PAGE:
24/02/2010

Should security staff have police powers?

Posted in Crime, Law 'n order, Police at 9:04 pm by henrysgauntlet

The BBC reports that an Essex-based security company is to be given powers to hand out on-the-spot fines.   The idea is that door supervisors working for the company have some of the powers that the police have to tackle anti-social behaviour, (how I hate that phrase).

The company provides security staff at shopping centres and over 200 door supervisors at venues in Basildon, Chelmsford, Harlow and Colchester.   The company’s staff will carry identity cards issued by police under the Community Safety Accreditation Scheme, and then will be able to hand out the on-the-spot fines.

Well, most of us don’t like yobbish behaviour in shopping centres, around clubs and so on, but this does seem a step too far.

Last November I was at Lakeside Shopping Centre on a Friday evening when a gang of teenagers of both sexes made a huge nuisance of themselves.   They were in the lesser populated side walkways, and were harrassing shopkeepers, and throwing themselves against plate glass windows.   Lakeside makes good use of CCTV cameras, and the splendid security staff arrived very quickly.   They escorted the group to the nearest outer exit, but it wasn’t very long before they were back again.   This happened three or four times, and then the Police were called.   Again, they reacted quickly, and this time the youngsters were ejected and didn’t come back.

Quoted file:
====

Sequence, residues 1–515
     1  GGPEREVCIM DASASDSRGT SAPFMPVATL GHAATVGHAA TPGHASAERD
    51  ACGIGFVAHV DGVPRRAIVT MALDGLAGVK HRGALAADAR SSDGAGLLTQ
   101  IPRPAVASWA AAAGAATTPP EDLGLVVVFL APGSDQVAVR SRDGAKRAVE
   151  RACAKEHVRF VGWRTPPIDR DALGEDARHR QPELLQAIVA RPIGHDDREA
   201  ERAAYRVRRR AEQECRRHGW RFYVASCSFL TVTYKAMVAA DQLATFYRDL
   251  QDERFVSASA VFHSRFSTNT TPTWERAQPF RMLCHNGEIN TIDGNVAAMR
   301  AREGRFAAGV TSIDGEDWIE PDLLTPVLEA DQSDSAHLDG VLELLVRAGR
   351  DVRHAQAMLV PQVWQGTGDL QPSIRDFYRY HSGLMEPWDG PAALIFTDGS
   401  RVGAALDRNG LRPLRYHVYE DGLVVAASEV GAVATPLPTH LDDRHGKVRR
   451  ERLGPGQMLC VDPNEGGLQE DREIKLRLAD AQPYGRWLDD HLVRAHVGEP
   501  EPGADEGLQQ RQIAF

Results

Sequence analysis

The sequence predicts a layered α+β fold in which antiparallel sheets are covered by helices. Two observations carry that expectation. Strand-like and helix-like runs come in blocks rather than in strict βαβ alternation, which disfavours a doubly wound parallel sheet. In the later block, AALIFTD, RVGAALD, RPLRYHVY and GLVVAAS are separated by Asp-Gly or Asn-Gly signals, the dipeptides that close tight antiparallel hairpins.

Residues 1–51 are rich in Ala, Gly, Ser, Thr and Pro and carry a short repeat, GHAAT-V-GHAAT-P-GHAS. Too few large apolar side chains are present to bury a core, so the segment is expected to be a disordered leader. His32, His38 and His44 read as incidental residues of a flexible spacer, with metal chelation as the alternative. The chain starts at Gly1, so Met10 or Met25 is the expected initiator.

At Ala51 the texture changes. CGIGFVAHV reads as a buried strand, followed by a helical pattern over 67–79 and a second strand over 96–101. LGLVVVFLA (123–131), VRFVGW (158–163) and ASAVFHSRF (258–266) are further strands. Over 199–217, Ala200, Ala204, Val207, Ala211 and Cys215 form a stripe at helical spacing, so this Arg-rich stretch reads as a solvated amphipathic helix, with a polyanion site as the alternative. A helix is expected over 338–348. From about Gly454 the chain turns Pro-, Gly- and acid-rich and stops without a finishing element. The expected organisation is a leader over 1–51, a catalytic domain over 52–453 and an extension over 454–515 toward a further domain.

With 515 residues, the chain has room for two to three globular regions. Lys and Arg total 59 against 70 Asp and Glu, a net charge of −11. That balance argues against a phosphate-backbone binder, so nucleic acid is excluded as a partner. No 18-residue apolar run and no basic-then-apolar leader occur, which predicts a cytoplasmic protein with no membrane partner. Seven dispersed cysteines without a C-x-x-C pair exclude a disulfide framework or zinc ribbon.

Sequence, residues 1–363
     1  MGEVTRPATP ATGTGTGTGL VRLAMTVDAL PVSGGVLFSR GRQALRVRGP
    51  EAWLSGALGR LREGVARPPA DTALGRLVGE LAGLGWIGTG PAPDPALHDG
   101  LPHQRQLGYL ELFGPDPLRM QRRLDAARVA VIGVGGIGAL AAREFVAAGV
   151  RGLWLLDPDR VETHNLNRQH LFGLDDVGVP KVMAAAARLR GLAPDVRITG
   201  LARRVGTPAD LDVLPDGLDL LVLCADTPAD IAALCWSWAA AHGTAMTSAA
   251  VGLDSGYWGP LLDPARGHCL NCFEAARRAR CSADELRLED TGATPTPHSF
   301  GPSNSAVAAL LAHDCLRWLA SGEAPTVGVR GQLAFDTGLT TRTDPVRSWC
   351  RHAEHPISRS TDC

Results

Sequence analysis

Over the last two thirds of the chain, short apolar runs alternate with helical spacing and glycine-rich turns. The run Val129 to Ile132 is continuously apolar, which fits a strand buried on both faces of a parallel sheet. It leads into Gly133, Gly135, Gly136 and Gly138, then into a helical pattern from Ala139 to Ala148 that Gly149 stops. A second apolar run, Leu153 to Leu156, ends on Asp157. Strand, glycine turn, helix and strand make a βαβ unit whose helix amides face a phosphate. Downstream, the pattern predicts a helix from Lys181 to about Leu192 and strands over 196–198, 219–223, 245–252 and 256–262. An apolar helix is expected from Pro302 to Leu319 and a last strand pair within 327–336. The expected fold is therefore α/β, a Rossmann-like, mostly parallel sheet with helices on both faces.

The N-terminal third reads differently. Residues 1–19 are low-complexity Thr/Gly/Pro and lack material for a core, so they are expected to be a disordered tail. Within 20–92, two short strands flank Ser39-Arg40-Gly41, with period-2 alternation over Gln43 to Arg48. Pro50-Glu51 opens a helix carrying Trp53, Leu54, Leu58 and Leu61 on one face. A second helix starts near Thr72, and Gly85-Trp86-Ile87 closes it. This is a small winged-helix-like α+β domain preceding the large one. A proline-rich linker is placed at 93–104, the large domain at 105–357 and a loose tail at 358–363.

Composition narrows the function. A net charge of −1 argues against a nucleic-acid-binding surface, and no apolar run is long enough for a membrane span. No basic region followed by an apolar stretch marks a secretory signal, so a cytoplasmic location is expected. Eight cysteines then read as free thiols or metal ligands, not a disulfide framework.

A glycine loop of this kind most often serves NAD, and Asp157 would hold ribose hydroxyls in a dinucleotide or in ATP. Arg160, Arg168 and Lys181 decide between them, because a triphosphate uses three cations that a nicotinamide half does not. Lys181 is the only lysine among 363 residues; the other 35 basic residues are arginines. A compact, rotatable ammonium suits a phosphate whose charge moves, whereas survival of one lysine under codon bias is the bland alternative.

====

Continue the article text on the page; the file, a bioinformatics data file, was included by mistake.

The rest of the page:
So, should Lakeside’s security staff have had the power to issue fines?   Well, it might be a quicker response, but almost certainly the youngsters would not have the cash to pay the fines.   Then there would be a long-drawn out process of trying to make the parents pay, probably unsuccessfully.  So it seems a rather pointless exercise.

But, even more importantly, I can’t condone extending police powers to other people.   Already there are too many instances of  “authorities” having the right to enter our homes and boss us about.   I don’t want to live in a police state, and giving “security” staff police powers, albeit in a small way, is a step in the wrong direction.

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